Since 2006 our government has been working to create the best possible climate in which businesses can invest. This plan is not a short-term plan but a long-term plan announced and passed by Parliament in 2007 to reduce taxes, to encourage investment and the creation of jobs, a plan that is making Canada one of the best places in the world to do business and to invest. The purpose of our long-term plan is to allow businesses to have the certainty of a stable tax regime so that they can plan ahead.
Businesses, like families making a household budget, do not make major investments overnight. They plan ahead for the level of taxation they will face and how much money they will have left to invest in their business, invest in productivity, improving machinery and equipment, and most importantly, to invest in more workers, more families, more individuals with children to create them more jobs.
That is not all that we have done. We also eliminated the federal capital tax. We increased the income limit for the small business tax rate to $500,000. We reduced the small business tax rate from 12% to 11%, and much more.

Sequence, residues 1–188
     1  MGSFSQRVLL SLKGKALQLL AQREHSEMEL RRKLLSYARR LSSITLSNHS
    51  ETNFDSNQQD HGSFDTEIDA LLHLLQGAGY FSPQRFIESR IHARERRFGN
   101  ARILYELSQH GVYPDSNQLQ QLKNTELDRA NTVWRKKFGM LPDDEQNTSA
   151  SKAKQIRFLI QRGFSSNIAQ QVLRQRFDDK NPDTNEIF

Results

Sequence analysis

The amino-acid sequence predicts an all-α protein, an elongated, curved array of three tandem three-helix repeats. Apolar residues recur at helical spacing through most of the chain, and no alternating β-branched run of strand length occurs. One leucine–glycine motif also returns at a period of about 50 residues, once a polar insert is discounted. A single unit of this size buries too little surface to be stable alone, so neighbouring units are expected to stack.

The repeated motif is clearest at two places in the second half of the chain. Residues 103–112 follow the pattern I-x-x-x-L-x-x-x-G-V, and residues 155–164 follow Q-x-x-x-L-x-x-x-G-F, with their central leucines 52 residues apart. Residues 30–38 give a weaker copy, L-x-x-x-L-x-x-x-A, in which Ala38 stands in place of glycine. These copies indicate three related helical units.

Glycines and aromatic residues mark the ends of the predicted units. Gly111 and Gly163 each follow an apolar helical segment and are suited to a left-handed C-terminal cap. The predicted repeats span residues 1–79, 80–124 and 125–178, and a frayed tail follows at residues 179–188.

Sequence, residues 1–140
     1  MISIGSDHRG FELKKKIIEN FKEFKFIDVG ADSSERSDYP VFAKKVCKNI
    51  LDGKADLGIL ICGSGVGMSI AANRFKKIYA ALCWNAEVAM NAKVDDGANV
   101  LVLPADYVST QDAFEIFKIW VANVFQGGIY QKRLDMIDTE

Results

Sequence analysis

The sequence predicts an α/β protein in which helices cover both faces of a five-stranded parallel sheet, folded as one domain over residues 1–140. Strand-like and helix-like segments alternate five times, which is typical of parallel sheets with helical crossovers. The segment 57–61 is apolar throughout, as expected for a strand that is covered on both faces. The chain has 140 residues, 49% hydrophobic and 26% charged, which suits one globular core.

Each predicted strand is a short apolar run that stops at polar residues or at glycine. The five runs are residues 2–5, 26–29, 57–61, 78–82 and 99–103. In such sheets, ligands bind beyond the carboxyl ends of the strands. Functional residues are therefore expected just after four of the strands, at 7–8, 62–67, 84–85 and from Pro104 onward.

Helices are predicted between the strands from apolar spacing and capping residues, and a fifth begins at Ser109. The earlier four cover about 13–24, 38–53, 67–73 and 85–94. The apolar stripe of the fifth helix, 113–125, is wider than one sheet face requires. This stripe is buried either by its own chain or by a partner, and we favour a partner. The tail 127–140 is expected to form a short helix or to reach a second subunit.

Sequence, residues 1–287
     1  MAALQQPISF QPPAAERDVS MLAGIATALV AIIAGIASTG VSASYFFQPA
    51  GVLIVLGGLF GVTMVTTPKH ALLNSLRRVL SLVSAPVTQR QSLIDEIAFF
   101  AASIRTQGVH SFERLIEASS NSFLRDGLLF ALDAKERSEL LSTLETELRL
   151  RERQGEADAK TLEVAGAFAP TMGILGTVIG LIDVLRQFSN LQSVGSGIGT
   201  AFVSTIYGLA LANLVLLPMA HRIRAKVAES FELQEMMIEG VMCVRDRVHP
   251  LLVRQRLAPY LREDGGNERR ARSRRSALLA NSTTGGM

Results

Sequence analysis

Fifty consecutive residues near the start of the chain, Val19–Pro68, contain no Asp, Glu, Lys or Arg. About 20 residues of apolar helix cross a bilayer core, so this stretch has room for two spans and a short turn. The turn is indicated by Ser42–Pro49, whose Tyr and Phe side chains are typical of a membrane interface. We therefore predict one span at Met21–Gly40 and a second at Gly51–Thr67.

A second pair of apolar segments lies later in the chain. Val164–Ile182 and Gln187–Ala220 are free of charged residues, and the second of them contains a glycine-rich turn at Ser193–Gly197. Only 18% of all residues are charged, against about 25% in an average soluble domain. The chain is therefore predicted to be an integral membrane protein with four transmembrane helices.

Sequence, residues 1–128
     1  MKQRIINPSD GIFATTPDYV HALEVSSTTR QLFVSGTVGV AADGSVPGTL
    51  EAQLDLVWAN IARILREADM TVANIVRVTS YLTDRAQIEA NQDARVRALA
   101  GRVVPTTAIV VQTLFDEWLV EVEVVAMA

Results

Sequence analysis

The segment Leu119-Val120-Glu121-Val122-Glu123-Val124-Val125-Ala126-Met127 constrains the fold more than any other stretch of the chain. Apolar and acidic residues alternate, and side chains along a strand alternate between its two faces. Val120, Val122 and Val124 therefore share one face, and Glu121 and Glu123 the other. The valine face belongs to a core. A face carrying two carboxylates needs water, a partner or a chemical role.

Canada's long-term economic recovery will be driven by our job creators, by the entrepreneurial hard-working Canadians, businesses large and small, by their hard work, not permanent government deficit spending as advocated by the Liberal leader. That is why our Conservative government is backing an ambitious plan to create a competitive low tax environment for job creators to succeed.
The Liberals are saying we should raise taxes on job creators. Should we do that now as we try to recover from a global economic recession? We know that higher taxes mean less money for businesses to invest. That means fewer jobs in Canada and more unemployment for our families. We know that higher taxes mean more unemployment in Canada.
Our Conservative government is working to create jobs in Canada. We realize the best way to do that is to encourage job creators to actually grow.
In fact, Canadian Manufacturers & Exporters recently released an analysis that concluded that reducing corporate taxes “creates jobs, boosts investment...and puts more money in the pockets of the Canadians”. The conclusions of the report, which I encourage Canadians to read online, show that the Conservative government's plan to reduce the tax burden is creating nearly 100,000 jobs in the short term. It is increasing the personal incomes of Canadians by $30.4 billion or 2.4%. It is increasing per capita personal income by $880 and is contributing from $2.6 billion to $3.7 billion in additional net revenues for all levels of government.